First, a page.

As the ball sailed through the air in a momentarily quiet Welsh-Ryan Arena, Chris Collins didn’t know what to think.
“It was kind of surreal.”
To Collins, it looked like Nathan Taphorn’s full-court pass was going to sail out of bounds, and with just 1.7 seconds left in regulation and the score between Northwestern and Michigan tied at 65, an errant pass would give the ball to the Wolverines underneath the Wildcats’ basket.
A few inches too far, potential disaster. A few inches too short, overtime.
But, as generations of sports fans will come to remember, The Pass was just right. Dererk Pardon, waiting 93 feet away, caught the heave and hit the layup over Derrick Walton Jr. to give Northwestern a win that should propel the Wildcats to the first NCAA Tournament appearance in program history.
Certain snapshots of sports history, only the best of the best, are lucky enough to earn their own name. The Immaculate Reception. The Shot Heard ‘Round The World. The Catch. The players behind those monikers -- Franco Harris, Bobby Thomson, Willie Mays — have been forever etched into sports lore.
The Pass may never reach that level of cultural significance, but it’s a definite that Taphorn and Pardon will never be forgotten for the magic they combined to create along the shores of Lake Michigan one March night.
The penultimate game at one of college basketball’s most rustic (for lack of a nicer term) arenas before a long-overdue renovation was the most fitting of settings for, oh, just the most important play in Northwestern basketball history.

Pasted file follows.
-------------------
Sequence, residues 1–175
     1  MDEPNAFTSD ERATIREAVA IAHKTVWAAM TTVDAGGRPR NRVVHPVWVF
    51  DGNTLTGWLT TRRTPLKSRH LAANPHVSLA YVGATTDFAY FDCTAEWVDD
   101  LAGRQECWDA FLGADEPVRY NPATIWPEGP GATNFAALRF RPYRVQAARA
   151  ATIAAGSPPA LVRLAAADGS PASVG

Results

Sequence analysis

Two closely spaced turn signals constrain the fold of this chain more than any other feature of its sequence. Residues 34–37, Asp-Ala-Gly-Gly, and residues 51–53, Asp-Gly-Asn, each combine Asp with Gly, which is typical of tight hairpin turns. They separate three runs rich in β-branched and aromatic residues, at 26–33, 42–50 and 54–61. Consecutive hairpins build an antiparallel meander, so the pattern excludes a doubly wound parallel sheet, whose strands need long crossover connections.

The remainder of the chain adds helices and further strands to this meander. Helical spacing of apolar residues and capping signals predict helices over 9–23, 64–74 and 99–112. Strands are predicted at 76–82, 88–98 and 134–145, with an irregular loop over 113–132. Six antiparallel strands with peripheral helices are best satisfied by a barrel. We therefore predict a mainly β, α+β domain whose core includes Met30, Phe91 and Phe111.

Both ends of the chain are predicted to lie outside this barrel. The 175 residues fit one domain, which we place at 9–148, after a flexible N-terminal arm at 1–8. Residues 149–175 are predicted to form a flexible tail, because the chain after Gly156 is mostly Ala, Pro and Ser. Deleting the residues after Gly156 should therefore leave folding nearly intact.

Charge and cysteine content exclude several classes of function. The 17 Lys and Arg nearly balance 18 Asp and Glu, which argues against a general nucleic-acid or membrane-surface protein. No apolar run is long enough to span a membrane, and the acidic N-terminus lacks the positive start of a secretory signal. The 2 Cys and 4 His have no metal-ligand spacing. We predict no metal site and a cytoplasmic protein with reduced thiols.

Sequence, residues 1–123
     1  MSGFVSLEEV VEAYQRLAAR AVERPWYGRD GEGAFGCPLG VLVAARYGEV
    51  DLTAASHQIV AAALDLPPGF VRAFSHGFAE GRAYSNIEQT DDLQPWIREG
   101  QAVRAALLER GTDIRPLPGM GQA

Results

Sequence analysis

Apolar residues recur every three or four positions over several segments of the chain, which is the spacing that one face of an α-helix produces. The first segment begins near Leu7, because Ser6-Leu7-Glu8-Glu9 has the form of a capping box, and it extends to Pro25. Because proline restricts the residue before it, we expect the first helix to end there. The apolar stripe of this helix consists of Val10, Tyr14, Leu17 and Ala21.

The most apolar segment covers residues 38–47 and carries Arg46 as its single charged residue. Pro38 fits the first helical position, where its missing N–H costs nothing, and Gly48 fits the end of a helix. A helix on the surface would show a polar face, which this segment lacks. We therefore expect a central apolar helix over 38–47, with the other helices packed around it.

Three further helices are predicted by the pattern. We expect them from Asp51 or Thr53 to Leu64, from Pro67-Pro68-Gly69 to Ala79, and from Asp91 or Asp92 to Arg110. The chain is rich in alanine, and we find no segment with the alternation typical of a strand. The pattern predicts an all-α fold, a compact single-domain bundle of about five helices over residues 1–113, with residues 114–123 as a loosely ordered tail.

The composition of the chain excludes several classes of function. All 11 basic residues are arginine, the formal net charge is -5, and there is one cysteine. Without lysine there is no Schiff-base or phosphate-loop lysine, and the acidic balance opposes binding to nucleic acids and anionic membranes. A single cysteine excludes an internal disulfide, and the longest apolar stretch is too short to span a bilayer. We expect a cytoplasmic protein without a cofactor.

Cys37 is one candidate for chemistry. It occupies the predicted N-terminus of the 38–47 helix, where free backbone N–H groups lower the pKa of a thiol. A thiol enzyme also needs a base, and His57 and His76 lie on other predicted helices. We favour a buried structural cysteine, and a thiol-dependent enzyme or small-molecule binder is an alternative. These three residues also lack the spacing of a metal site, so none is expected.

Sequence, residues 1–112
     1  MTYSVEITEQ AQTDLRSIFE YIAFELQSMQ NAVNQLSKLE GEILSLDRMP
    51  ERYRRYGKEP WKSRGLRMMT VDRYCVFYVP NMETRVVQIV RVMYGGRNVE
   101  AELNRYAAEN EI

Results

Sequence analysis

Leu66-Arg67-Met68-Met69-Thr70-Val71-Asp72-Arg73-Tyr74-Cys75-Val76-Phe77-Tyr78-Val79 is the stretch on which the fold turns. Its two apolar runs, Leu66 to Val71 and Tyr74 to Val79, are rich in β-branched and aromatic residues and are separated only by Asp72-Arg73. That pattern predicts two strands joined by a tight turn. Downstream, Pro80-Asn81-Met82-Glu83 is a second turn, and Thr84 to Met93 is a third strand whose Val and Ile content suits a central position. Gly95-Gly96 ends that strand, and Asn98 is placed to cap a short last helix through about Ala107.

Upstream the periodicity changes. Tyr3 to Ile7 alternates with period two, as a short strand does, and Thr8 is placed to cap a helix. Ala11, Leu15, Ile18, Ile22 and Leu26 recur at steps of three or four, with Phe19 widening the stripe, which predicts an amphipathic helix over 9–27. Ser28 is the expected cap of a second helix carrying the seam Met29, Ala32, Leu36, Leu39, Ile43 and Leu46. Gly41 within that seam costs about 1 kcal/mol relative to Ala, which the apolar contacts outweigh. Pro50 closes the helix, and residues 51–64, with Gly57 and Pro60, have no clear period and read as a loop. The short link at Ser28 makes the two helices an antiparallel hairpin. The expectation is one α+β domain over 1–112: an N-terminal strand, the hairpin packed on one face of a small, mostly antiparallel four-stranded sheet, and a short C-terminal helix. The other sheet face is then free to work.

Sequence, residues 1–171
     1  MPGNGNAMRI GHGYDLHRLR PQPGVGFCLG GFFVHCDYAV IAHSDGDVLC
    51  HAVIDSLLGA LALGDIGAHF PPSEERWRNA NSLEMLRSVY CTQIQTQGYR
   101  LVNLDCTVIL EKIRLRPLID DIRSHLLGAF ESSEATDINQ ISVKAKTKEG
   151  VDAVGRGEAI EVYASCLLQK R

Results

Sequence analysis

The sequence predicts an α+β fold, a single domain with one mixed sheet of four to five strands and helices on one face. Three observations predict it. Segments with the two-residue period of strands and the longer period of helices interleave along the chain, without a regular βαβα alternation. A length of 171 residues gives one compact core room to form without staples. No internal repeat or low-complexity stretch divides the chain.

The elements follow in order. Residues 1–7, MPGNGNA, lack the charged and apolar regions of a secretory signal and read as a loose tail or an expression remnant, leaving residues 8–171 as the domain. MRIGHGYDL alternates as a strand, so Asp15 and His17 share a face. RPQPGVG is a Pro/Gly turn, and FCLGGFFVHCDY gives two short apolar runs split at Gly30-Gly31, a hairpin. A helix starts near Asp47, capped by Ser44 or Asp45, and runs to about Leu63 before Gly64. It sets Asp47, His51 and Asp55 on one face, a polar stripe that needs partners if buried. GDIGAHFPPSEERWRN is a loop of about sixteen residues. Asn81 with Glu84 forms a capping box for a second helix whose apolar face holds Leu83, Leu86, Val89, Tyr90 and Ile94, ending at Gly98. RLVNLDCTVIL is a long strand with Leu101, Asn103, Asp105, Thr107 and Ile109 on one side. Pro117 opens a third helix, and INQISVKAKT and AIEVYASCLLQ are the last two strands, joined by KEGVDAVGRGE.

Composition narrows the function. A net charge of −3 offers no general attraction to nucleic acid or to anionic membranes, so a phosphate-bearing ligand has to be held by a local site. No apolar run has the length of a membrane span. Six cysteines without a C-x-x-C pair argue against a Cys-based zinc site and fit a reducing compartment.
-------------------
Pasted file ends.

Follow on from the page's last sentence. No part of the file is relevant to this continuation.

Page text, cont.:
College basketball, with its hundreds of teams and thousands of players across its various levels, produces unfathomably incredible moments often, so often that some plays get lost in the shuffle. Others, like Christian Laettner’s shot or Lorenzo Charles’ dunk, stand out. The Pass may be on an equal level.
Laettner, Charles, Tate George and Kris Jenkins are just a few of the players who — despite what they did or will go on to do for the rest of their lives — will always be remembered for that one instance when they did something great, something incredible, something extraordinary.
“I felt like Jimmy V back in ‘83, running around and looking for anyone to hug,” Collins said after the game, referring to Charles’ dunk off a Dereck Whittenburg desperation heave that led Jim Valvano’s N.C. State Wolfpack past Hakeem Olajuwon, Clyde Drexler and Houston in the 1983 NCAA Championship. Sound familiar? (The Dereck and Dererk parallel is, admittedly, a little strange).
In the madness of the win, Valvano famously ran circles around the court, desperately trying to find someone to embrace.
Valvano later died of bone cancer in 1993, about eight weeks after delivering a famously inspiring speech at the first-ever ESPY Awards. Charles died in a 2011 bus crash. Their graves are separated by just 20 steps in a Raleigh cemetery, an eternal reminder of the bond forged by that fateful play.
Even Gordon Hayward, an NBA All-Star, will always be known as the guy whose half-court attempt to beat Duke in the 2010 NCAA Championship Game almost went in. He didn’t even make the shot, and his harmless heave will follow him wherever he goes.